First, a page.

UN push for nuclear-free Mid-East

Iranian President Mahmoud Ahmadinejad Iran called on nuclear-armed nations to agree to a disarmament timetable

The 189-member nations of the Nuclear Non-Proliferation Treaty (NPT) are struggling to reach a deal in the last hours of lengthy talks on a new text.

The proposed document includes a hotly debated proposal to ban nuclear weapons in the Middle East.

The 28-page Final Declaration is due to be brought up for consensus approval at the United Nations later.

If they do not reach agreement, the member nations may have to wait another five years to move forward.

The draft declaration calls for the United Nations secretary general to organise a meeting of Middle East states in 2012 to sign on to the creation of a zone free of nuclear weapons or other weapons of mass destruction.

Conference president Libran Cabactulan, of the Philippines, told a plenary session that the document was "the best that can be offered".

Proposal debated

Small groups at the UN debated the proposed declaration late into the night on Thursday, as the month-long UN nuclear conference entered its final hours.

One of the sticking points involves Israel, a non-member of the NPT, which is widely believed to have nuclear weapons although it has never admitted to possessing them.

Arab states and Israel's allies have been at loggerheads over wording for the proposed nuclear-weapons-free zone.

Israel has said it backs a nuclear-weapons-free zone in principle, but only after peace agreements with all the countries in the region.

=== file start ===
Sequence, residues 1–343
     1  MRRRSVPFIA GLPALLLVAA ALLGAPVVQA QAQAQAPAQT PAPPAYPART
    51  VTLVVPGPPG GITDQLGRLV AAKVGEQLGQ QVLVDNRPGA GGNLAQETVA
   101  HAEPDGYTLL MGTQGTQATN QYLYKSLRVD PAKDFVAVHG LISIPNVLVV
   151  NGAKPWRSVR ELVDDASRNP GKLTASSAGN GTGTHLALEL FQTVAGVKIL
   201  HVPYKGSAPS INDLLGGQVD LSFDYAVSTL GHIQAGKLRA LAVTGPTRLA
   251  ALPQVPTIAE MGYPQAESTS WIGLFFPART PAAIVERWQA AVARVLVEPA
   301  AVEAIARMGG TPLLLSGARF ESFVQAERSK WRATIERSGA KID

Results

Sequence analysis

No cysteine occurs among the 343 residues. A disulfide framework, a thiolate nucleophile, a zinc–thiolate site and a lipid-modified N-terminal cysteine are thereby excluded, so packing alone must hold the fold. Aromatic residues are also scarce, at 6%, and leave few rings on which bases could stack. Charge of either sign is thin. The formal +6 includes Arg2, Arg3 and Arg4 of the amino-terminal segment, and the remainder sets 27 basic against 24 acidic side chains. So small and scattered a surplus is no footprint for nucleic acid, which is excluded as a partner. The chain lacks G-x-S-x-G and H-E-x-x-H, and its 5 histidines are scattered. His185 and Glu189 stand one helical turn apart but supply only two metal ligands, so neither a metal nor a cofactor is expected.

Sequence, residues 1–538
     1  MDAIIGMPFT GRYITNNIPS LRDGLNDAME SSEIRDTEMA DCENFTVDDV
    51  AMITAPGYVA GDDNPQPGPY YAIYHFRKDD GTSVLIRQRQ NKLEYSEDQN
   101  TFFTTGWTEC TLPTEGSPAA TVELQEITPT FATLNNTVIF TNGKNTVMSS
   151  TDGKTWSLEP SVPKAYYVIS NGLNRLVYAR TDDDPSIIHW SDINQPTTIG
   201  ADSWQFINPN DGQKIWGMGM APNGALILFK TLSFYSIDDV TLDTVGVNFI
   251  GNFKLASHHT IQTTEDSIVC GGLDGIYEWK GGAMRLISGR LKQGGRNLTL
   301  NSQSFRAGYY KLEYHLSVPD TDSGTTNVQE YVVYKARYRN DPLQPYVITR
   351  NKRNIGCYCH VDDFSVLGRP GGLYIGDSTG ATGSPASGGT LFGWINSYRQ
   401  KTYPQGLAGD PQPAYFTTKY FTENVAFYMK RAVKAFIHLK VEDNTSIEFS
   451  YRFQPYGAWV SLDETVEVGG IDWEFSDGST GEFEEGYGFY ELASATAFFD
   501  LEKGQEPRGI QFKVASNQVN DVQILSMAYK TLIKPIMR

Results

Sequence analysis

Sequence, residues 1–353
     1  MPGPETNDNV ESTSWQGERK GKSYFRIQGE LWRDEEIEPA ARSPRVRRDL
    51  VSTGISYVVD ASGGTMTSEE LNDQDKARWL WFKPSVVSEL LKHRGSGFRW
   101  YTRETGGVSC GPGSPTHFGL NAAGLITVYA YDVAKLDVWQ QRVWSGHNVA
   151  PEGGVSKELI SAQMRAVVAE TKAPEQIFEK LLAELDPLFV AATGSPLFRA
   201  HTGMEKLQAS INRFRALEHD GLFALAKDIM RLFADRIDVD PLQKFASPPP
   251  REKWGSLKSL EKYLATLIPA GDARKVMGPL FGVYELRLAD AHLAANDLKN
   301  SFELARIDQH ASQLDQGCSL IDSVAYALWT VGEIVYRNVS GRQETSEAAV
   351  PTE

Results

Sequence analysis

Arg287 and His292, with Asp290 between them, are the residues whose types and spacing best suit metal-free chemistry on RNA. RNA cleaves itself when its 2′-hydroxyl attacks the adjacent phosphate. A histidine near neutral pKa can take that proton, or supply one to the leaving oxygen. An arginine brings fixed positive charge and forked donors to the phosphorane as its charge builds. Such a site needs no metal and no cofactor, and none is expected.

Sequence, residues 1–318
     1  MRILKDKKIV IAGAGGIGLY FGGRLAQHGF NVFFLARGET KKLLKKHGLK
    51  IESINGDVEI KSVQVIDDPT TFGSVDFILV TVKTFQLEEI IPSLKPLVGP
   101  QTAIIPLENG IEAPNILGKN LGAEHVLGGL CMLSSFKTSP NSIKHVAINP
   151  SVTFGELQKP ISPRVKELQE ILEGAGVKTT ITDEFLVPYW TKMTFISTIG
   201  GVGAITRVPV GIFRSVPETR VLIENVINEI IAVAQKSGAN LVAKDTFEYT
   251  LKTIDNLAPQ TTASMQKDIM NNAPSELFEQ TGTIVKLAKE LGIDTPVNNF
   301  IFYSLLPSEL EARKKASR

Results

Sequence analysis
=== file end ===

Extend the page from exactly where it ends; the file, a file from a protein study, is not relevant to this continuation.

As the conference moved into the last stretch, Iran demanded that the official five nuclear-armed nations – the US, Russia, UK, France and China – agree to a timetable for negotiating a treaty to abolish their arsenals.

"The five nuclear-weapon states cannot easily and totally ignore this legitimate request. If so, then the conference will not be successful," said chief Iranian delegate Ali Asghar Soltanieh.

Under the treaty, the five official nuclear-armed nations are committed to moving towards their elimination.

Iran has faced repeated questions over its own nuclear programme, which the West believes is aimed at making weapons. Iran insists it is solely designed to meet its energy needs.

The NPT has encountered difficulty in coming up with the best method for monitoring suspect nuclear programmes in Iran and North Korea.

The four nations suspected of having nuclear weapons that are not signatories to the treaty – India, Pakistan, North Korea and Israel – are not covered by any NPT agreement reached.

The NPT conference, which meets every five years, risks losing credibility if no progress is made.

The last review conference, in 2005, failed to adopt a consensus declaration.

This article is from the BBC News website. © British Broadcasting Corporation, The BBC is not responsible for the content of external internet sites.

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